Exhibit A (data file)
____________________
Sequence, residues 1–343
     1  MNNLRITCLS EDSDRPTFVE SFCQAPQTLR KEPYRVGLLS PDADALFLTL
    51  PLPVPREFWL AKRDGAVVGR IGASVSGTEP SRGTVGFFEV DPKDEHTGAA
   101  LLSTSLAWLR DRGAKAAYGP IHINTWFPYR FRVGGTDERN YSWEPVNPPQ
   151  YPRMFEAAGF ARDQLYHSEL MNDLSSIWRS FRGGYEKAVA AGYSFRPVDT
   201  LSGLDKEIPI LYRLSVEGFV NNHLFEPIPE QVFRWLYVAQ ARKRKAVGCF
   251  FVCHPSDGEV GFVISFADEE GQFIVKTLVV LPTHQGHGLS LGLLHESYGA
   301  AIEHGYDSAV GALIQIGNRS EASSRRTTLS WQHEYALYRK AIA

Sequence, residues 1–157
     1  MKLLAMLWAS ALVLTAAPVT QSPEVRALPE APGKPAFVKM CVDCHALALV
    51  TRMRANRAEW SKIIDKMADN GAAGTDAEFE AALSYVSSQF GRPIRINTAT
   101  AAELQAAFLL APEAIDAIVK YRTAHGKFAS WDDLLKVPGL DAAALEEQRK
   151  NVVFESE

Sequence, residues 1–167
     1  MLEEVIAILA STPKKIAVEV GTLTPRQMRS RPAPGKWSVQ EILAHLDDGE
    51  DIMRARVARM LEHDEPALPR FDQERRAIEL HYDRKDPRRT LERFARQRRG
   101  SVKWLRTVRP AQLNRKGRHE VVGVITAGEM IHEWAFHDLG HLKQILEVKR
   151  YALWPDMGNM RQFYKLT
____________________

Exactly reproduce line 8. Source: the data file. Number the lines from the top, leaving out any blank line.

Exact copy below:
   301  AIEHGYDSAV GALIQIGNRS EASSRRTTLS WQHEYALYRK AIA